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Printing by Hand in Asia

 

Session II, Panel 1. “Printing by Hand in Asia,” presented by Steph Rue, Radha Pandey and Elizabeth Boyne.
 
Hemp fabric, soaked in a slaked-lime solution and beaten by hand for 15 minutes. (Elizabeth Boyne)

Hemp fabric, soaked in a slaked-lime solution and beaten by hand for 15 minutes. (Elizabeth Boyne)

Archeologists found the first and oldest piece of paper recorded in Asia dates from the Western Han dynasty around 105 CE. Made of hemp it was very crude. Peasants were encouraged to grow grains during the Han dynasty, one being hemp. In early paper making women soaked hemp in water and beat it on wash blocks of stone. Does this mean women invented paper?

Elizabeth Boyne, Artist in Residence at Kala Art Institute discusses and shows the results of her experiments with hemp. Boyne soaks the hemp in distilled water for one month then beats it for 15 minutes. Strands were then placed in a burlap-lined basket leaving fragmented residue after draining. Her second example was soaked in lime and water for three months and then beaten for 30-45 minutes and after agitating by hand in water, was drained in a basket without lining. This resulted in a gauze-like material. Participants were allowed to feel the samples.

Proof sheets on display at the Cheongju Early Printing Museum

late 14th century or early 15th century proof sheets on display at the Cheongju Early Printing Museum. (Steph Rue)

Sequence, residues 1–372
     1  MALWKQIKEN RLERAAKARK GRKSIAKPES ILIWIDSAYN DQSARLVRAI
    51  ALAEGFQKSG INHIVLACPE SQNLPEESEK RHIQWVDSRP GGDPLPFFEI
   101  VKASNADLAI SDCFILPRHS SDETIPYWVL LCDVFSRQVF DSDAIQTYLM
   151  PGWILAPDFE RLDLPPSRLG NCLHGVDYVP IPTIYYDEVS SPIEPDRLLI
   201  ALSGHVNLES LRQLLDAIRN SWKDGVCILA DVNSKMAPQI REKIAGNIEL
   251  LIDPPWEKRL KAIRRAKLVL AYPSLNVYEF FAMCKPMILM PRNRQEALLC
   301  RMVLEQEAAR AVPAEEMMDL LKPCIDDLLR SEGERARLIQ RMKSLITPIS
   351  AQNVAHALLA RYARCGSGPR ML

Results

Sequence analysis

This past summer, Steph Rue, a Korean American, received a grant from the University of Iowa for a research project in Korea. She visited Buddhist temples, museums, paper mills and artisan workshops. Rue’s research focused on Korean traditional book arts and its connection to spirituality. She shared early Korean printing history and glimpses of traditional Asian book arts of today.

Rue told us that for centuries Japan and Korea used Chinese characters for writing and not until the 15th century did Korea develop its own alphabet. We learned that in 610 paper making was introduced to Japan by a Korean Buddhist monk and by the 7th century, hand paper making had developed into a distinct art using fiber from a paper-mulberry tree called dak to produce hanji, a paper of durability. Buddhist monks made woodblocks for the purpose of spreading the Buddhist sutras. They carved over 81,000 blocks taking 77 years. Destroyed by fire, they were recreated and in 1398 transported to Haein Temple in the remote mountains of South Korea where they remain today as a National Treasure.

By the turn of the 20th century printing began to decline in Korea with the 35 year Japanese occupation. Despite many transitions Korea has faced, there still exists artisans who continue to preserve traditional Korean techniques.

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